We talk a lot about voice in writing—is the voice authentic, does the author’s voice come through, is your dialogue strong and true to the character…
But, I would like to have you consider the story’s overall voice—the voice of the entire book that makes it special.
The books you that stick with you—from childhood, or that you just read but can’t get out of your mind—those books that you love most, are often ones with a unique story voice. This story voice can come from the tone of the story (Owl Moon’s voice is quiet) or the setting (Marvelous Cornelius’s story voice is informed by the rhythm of New Orleans). It can be happy or thoughtful, bouncy or quiet. The story voice informs the read aloud. Does your book have a story voice that makes the reader want to tap her foot (Jamberry) or lean in and whisper (Time for Bed)?
Owl Moon: by Jane Yolen, illustrated by John Schoenherr
Marvelous Cornelius: by Phil Bildner, illustrated by John Parra
Jamberry: by Bruce Degen
Time for Bed: by Mem Fox, illustrated by Jane Dyer
Think of your favorite books. How do you read them aloud? How do they make you feel? How would you characterize the voice? Here are some books I think have wonderful unique voices:
A Bouncy Voice: Just Add Glitter by Angela DiTerlizzi, illustrated by Samantha Cotterill
This book is exuberant and rhythmic in the very best way.
A Wistful Voice: Always Remember by Cece Meng, illustrated by Jago
This gentle book about death and what loved ones leave behind, makes you sigh in the reading of each page.
A Precocious Voice: One Word From Sophia by Jim Averbeck, illustrated by Yasmeen Ismail
Without aging the character of this book out of picture book territory, this book uses elevated language and humorous rants to create a well-advanced-for-its-age voice that is both funny and age-appropriate.
An Expansive Voice: The Stuff of Stars by Marion Dane Bauer, illustrated by Ekua Holmes
This book seems to expand and contract as the story of creation and evolution (yes, both) grows and the reading of it makes you breathe those ins and outs.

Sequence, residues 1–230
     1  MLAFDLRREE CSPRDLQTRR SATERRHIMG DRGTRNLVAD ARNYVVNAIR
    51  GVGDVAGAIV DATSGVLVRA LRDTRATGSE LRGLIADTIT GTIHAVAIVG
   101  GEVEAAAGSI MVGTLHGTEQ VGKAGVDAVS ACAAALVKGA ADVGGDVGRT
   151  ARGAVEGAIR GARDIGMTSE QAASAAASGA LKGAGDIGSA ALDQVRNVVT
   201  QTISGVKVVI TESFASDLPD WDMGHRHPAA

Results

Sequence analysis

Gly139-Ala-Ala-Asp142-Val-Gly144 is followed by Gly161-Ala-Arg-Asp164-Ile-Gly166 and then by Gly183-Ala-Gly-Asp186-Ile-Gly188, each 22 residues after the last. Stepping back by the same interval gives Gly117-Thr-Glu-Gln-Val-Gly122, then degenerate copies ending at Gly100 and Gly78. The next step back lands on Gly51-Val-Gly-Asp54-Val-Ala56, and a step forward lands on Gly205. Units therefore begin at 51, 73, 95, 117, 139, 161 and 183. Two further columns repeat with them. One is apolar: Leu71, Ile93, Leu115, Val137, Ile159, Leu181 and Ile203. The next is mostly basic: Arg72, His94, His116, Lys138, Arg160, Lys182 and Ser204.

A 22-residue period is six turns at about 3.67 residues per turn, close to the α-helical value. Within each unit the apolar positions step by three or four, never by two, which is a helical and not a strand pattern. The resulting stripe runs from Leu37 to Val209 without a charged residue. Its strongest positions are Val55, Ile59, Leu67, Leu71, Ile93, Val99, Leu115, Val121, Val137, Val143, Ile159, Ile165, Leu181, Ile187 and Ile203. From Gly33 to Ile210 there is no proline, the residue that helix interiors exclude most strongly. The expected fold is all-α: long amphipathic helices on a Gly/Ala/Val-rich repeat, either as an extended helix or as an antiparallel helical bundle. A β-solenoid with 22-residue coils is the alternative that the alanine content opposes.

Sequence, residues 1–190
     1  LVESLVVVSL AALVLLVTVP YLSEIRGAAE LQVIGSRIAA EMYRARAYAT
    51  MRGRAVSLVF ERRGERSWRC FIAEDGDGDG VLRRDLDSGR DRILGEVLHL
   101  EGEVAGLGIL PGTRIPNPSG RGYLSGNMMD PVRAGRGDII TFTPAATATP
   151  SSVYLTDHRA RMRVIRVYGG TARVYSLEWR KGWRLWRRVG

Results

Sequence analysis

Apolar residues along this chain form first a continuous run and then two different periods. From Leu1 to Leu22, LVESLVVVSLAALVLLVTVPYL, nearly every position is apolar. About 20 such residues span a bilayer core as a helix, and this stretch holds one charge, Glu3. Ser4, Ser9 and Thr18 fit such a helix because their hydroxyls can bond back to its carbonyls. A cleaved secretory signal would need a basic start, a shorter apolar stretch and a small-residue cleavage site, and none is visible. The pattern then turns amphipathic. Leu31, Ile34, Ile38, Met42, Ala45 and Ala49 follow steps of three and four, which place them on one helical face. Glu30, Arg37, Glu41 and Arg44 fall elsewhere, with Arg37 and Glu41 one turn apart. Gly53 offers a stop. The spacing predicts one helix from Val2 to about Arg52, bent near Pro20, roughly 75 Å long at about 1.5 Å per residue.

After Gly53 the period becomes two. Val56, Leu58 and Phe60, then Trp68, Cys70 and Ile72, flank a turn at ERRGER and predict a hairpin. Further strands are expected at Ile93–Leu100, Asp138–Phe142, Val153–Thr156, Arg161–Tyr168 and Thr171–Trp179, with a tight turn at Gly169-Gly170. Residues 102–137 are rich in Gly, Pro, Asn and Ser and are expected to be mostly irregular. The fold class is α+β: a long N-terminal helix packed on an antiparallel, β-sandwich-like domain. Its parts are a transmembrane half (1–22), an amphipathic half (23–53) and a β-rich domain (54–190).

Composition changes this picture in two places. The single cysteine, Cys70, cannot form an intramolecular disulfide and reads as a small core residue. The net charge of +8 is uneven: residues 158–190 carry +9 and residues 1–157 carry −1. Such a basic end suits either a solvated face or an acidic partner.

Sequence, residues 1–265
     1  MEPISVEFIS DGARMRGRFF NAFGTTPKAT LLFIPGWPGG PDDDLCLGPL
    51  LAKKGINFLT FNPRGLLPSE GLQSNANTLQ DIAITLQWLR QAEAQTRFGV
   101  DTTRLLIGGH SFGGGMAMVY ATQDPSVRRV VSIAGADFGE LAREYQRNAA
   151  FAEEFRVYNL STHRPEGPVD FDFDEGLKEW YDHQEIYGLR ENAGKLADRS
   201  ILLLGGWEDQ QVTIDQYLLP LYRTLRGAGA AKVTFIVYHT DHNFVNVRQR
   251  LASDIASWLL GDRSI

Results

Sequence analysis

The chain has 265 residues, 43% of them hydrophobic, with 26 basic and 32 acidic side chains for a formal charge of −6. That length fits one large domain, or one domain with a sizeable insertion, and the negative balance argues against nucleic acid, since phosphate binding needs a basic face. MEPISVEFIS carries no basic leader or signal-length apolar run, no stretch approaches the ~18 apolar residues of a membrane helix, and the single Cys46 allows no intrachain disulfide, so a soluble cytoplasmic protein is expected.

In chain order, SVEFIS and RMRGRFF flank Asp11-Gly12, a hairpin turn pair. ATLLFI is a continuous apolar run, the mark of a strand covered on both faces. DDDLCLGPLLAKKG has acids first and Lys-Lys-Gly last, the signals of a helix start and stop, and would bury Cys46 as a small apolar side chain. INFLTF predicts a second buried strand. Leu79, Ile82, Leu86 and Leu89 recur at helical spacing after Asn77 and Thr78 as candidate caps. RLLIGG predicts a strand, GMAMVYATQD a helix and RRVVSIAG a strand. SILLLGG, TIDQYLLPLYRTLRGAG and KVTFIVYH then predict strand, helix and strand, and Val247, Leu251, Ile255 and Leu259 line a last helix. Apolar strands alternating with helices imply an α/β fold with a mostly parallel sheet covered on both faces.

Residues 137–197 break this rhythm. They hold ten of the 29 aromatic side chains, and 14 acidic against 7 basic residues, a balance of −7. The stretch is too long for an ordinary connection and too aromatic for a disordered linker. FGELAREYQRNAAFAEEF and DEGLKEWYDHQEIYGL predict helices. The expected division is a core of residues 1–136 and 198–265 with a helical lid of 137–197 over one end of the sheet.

An Iconic Voice: 7 Ate 9 by Tara Lazar, illustrated by Ross MacDonald
This book is told in the iconic noir detective voice, but for kids. It begs to be read like an old private eye film voice.
A Hopeful Voice: Dreamers by Yuyi Morales
The text in this book pushes you forward, page turn by page turn, as you walk into the new life, filled with hope and promise with the two immigrant characters.
And a couple bonus older books:
A Quirky Voice: Vampirina Ballerina by Anne Marie Pace, illustrated by LeUyen Pham
The narrative of this book is told in instructions, giving it a very unique off-stage narrator’s voice.
A Loud Voice: Maya Was Grumpy by Courtney Pippin-Mathur
The voice of this text informs a crispy cranky read aloud (that, of course, softens by the end). I dare you to read it without a punchy pout.
Heidi is offering a signed copy of COUNTING BIRDS, to one lucky winner. To eligible for prizes throughout the challenge, you must be registered by March 4, comment on each post, consistently read mentor texts, and enter the Rafflecopter drawing at the conclusion of ReFoReMo.
Heidi E.Y. Stemple is the author of more than 25 books, mostly for children. Her newest books are Couting Birds, illustrated by Clover Robin (2018, Quarto) and A Kite For Moon, co-authored by Jane Yolen and illustrated by Matt Phalen (coming in April, Zonderkidz). Talk books and owls with her on social media at:
Facebook: Heidi Stemple, Heidi E.Y. Stemple, and Owl Count
Instagram and Twitter: heidieys